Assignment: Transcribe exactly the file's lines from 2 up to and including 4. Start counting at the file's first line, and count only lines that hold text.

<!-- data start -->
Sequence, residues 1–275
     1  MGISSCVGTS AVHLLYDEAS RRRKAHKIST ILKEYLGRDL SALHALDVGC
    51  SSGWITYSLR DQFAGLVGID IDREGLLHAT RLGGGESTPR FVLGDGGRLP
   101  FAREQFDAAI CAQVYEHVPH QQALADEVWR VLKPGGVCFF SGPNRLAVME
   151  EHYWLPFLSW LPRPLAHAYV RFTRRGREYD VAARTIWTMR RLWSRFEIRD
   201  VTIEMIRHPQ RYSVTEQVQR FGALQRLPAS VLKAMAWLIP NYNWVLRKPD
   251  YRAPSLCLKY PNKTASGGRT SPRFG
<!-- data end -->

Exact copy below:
     1  MGISSCVGTS AVHLLYDEAS RRRKAHKIST ILKEYLGRDL SALHALDVGC
    51  SSGWITYSLR DQFAGLVGID IDREGLLHAT RLGGGESTPR FVLGDGGRLP
   101  FAREQFDAAI CAQVYEHVPH QQALADEVWR VLKPGGVCFF SGPNRLAVME